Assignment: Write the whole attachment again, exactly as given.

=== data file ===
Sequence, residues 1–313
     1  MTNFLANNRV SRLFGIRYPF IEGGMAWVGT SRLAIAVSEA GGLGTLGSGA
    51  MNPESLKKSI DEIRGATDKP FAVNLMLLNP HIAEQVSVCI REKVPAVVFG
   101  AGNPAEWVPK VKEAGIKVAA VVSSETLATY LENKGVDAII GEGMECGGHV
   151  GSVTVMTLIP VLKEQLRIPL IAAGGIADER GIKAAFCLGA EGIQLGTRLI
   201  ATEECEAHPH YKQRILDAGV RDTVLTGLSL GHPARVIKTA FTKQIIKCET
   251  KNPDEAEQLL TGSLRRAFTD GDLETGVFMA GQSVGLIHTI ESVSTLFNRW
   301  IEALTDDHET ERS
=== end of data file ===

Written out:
Sequence, residues 1–313
     1  MTNFLANNRV SRLFGIRYPF IEGGMAWVGT SRLAIAVSEA GGLGTLGSGA
    51  MNPESLKKSI DEIRGATDKP FAVNLMLLNP HIAEQVSVCI REKVPAVVFG
   101  AGNPAEWVPK VKEAGIKVAA VVSSETLATY LENKGVDAII GEGMECGGHV
   151  GSVTVMTLIP VLKEQLRIPL IAAGGIADER GIKAAFCLGA EGIQLGTRLI
   201  ATEECEAHPH YKQRILDAGV RDTVLTGLSL GHPARVIKTA FTKQIIKCET
   251  KNPDEAEQLL TGSLRRAFTD GDLETGVFMA GQSVGLIHTI ESVSTLFNRW
   301  IEALTDDHET ERS